Written from the perspective of seniors enjoying the fourth quarter of Life, even as they wonder about Sudden Death Overtime. These universal reflections on Life are the perfect excuse for family communication across generations. And a reason for creating your own family history. Past, present, and future.
But don’t feel left out if you’re a much younger reader. Learn how your parents and grandparents grew up. Maybe even your great-grandparents, if you’re lucky enough to have them around. All you have to do is ask them to tell you their stories. Listen. Think. Understand who you are, how you got here, where you’re going, what it means, and why it matters.
When it comes to the human mind, the shortest distance between two points is certainly not a straight line! So prepare yourself. Conquering your fear may not be easy. I've been where you now are, and I learned a crucial lesson. I figured out that I knew the answer all along, but I just didn't want to accept its uncomfortable truth. And you'll understand once and for all that your fear is deeply hidden in the only place that matters.
Conquering your own internal demon will be as easy as admitting how and why you let it invade your fragile psyche in the first place. From there, you're Home Free!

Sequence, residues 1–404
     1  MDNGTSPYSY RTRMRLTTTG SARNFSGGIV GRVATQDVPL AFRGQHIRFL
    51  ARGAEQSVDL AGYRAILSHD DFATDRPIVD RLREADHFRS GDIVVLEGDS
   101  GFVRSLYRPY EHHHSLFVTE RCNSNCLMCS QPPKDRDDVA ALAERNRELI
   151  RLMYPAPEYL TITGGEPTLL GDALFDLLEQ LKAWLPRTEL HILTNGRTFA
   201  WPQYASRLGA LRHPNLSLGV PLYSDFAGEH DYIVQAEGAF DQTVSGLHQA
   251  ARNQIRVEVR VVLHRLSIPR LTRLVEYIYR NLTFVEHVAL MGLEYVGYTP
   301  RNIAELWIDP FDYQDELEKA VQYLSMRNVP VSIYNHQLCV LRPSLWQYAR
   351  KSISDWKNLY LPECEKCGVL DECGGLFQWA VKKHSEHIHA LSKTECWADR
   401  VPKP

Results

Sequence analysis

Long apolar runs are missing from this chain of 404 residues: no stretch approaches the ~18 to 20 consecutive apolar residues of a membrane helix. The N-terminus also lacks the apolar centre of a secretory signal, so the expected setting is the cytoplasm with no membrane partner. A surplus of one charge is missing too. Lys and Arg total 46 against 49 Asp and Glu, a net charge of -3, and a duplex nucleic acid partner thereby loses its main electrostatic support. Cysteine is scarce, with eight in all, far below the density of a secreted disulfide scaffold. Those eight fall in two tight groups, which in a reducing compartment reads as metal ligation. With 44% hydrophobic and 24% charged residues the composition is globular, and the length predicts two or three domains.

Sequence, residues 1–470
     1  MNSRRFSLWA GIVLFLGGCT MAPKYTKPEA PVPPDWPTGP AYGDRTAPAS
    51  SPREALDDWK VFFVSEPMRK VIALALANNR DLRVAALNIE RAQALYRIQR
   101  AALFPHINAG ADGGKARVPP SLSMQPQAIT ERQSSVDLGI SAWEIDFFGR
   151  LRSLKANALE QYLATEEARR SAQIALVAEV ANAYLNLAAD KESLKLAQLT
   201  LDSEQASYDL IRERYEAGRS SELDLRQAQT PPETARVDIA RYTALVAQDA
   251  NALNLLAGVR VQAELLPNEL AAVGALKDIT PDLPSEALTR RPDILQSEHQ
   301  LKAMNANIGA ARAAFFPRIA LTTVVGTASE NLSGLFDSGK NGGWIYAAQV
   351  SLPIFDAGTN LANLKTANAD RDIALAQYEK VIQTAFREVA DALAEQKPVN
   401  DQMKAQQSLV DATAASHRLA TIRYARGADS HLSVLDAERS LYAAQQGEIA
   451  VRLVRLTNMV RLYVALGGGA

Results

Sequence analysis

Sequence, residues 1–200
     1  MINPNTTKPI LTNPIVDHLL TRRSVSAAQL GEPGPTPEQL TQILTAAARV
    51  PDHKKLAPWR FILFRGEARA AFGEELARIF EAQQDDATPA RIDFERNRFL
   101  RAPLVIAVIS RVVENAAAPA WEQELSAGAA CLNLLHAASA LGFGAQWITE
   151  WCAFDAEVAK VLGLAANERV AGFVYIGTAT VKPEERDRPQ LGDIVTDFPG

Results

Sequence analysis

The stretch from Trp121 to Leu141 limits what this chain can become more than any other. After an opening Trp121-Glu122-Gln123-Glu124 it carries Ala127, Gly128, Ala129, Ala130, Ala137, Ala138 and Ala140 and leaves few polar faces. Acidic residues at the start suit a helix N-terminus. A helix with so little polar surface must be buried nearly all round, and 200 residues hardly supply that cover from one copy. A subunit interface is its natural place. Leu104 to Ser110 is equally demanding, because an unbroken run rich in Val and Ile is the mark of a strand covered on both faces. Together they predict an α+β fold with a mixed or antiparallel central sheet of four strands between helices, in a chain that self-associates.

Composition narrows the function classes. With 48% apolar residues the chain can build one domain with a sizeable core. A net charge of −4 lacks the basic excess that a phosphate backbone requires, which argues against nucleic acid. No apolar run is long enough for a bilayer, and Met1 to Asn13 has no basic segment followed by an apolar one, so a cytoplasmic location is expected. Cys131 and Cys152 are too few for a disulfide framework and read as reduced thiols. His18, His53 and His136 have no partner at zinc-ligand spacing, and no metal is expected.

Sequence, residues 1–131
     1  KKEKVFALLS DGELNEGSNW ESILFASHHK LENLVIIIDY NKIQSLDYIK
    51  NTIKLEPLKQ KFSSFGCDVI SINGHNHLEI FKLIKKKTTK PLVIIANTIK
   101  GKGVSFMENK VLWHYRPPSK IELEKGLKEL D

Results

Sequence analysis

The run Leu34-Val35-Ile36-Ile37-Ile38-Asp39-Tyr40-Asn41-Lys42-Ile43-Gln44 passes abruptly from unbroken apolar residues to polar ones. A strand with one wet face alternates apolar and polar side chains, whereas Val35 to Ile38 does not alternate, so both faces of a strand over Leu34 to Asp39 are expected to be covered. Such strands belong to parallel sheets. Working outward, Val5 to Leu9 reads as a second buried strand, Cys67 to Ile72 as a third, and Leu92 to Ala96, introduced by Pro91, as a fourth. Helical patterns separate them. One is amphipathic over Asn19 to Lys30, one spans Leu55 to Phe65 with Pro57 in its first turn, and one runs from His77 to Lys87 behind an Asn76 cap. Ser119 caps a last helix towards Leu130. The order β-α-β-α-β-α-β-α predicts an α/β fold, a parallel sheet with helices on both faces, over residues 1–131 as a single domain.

We’re walking a deserted college campus on Day One of the Covid-19 Pandemic. In the distance, a man on a riding mower manicures a grassy field of green. He waves from afar. A man of stature. Retired military, I wonder? So I raise my right hand to my brow in salute, which he returns. Cass waves to him as we move on.
Returning on Day Two, we are the only walkers on the deserted college campus. Sure enough, the man on the riding mower sees us on a distant hillside. He salutes us. I return his salute, Cass waves to him, and we two move on.
Day Three confirms our new ritual. We eagerly salute and wave to our new friend. He just as eagerly responds. Cass and I devote the remainder of our walk to discussing how wonderful it is to construct a respectful friendship. At a distance, no less.